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RENEE MONTAGNE, host:

Today is World AIDS Day. It was designated by the United Nations to raise awareness about the global AIDS epidemic. The latest estimates indicate that more than 39 million people in the world are now infected with HIV. In the United States, more than 1 million people are living with the disease.

NPR's Brenda Wilson spoke with three experts who've been fighting AIDS since the epidemic began 25 years ago.

BRENDA WILSON: Until a decade ago, HIV infection rates were dropping. Dr. Anthony Fauci, the director the National Institute for Allergies and Infectious Diseases, explains why rates won't go lower.

Dr. ANTHONY FAUCI (Director, National Institute for Allergies and Infectious Diseases): We have not gotten to the people who are the ones that are most likely to transmit infection, and those are people who are infected and who do not know they're infected. Two hundred and fifty thousand plus or minus a few have in fact been infected and not know they are infected. And if you look at that group, those are the ones with a majority of transmissibility - comes from people who do not know that they are infected.

WILSON: So public health people are focused on getting everybody to get themselves tested and to know the status of their sexual partners. Prevention, Fauci says, is all we've got.

Dr. FAUCI: Right now, we don't have an effective vaccine, and we don't know really when or if we'll going to get one that's entirely effective in the way that the typical childhood vaccines are effective, like polio and measles, and mumps, et cetera. I don't think we can rely on getting a vaccine to solve the problem.

WILSON: The new cases are turning up mainly in young gay men and African-Americans. Dr. Ken Mayer, a professor of medicine at Brown University, has been seeing HIV patients since the epidemic began.

Dr. KEN MAYER (Medicine, Brown University): In the early ‘80s, if you walk in the streets of the Castro in San Francisco or the Village in New York, you'd see people who were gaunt, you'd see people who have Kaposi Sarcoma lesions. They're all kinds of obvious stigmata of HIV/AIDS. The face of HIV/AIDS now in big cities and gay communities is a largely invisible one.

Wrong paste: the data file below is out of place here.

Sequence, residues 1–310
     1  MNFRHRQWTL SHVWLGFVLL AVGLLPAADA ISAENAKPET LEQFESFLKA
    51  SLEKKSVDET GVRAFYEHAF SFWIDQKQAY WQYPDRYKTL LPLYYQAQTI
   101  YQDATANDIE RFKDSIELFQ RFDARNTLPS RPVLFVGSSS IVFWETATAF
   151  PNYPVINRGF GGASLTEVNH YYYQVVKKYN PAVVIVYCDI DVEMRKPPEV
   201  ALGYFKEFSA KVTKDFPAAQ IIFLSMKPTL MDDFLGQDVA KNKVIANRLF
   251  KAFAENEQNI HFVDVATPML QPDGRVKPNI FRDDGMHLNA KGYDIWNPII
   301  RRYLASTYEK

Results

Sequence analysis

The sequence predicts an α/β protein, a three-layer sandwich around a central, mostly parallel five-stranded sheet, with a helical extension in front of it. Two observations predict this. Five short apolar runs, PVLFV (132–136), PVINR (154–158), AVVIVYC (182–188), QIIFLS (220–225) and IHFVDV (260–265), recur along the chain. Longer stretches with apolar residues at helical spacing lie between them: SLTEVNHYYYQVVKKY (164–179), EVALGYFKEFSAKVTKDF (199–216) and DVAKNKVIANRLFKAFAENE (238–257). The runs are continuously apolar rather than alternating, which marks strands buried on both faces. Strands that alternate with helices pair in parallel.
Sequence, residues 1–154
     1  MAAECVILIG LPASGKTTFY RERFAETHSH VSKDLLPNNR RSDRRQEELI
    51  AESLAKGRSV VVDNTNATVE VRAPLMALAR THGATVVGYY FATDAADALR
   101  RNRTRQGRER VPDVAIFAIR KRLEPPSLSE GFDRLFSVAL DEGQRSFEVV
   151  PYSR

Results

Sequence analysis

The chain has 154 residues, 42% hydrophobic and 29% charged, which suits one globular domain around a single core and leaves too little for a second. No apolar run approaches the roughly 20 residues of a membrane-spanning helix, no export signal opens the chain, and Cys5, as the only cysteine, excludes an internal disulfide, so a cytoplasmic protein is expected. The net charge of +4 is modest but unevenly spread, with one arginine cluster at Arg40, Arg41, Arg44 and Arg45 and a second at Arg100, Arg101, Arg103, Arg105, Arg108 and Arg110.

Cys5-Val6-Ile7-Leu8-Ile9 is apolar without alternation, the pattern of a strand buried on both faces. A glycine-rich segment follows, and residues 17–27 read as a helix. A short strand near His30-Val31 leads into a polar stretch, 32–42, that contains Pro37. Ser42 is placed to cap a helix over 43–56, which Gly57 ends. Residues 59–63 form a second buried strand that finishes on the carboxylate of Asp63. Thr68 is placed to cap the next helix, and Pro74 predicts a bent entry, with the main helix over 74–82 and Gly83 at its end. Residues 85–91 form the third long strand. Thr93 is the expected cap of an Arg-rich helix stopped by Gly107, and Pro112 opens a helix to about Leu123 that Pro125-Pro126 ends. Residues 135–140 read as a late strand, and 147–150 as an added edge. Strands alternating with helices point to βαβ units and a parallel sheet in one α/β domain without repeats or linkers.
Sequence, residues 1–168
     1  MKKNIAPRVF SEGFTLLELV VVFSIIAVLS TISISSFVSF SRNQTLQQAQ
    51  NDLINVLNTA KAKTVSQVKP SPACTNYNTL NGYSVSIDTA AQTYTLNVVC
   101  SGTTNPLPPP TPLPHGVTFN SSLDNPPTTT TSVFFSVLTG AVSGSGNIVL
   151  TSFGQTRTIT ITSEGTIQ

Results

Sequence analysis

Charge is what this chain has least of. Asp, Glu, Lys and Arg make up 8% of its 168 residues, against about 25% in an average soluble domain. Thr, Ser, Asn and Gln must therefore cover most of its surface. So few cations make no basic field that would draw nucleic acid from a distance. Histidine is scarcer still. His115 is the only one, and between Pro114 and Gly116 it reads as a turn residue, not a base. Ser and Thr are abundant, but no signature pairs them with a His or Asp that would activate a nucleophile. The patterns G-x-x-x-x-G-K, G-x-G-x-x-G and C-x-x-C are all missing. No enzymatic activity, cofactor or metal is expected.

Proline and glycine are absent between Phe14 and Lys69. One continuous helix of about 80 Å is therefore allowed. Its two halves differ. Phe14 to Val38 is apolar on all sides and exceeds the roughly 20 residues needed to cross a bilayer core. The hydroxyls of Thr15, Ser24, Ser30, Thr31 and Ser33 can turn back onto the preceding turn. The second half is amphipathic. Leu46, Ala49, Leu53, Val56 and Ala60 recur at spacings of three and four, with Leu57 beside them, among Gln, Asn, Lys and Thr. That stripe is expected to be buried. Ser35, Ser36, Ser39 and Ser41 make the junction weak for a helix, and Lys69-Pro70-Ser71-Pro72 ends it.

WILSON: Affecting people who are largely invisible, whose circumstances contribute to risky behavior.

Dr. MAYER: It's more of I'm depressed. I'm actively using substances. I'm not really so worried about any of these things right now. So I'm not so worried about the consequences of fooling around, because who cares? My life is miserable anyway.

WILSON: Phill Wilson, the executive director of the Black AIDS Institute of Los Angeles, wants to see prevention messages targeted and affected communities mobilized. Just the way gays did in the 1980s, he's fought HIV as long as he sleep with it, for 25 years.

Mr. PHILL WILSON (Executive Director, Black AIDS Institute of Los Angeles): What is true for black America: Unless we are explicitly included, we are implicitly excluded. I think that's particularly true for young people. Unless you speak to them directly, unless you say this is about you, this is about your life as opposed as this is about some generic life. I think that's when we get young people's attention. Particularly when we're actively in denial. And so you have to break through that denial, and that takes bold confrontation. But once you break through that denial and you say it doesn't have to be that way, and here's what you can do, it is in my experience that people in fact do respond to the epidemic. And quite frankly, that's the only way that people will respond to the epidemic.

WILSON: And that he says is going to take every institution in the black community.

Mr. WILSON: I'm hopeful. I mean the only way that you can live with HIV for as long as I've lived with HIV I guess is to have faith.

WILSON: Well, may you live a long time.

Mr. WILSON: Knock on wood - from your lips to God's ears.

WILSON: Brenda Wilson, NPR News.

(Soundbite of Music)

MONTAGNE: This is NPR News.

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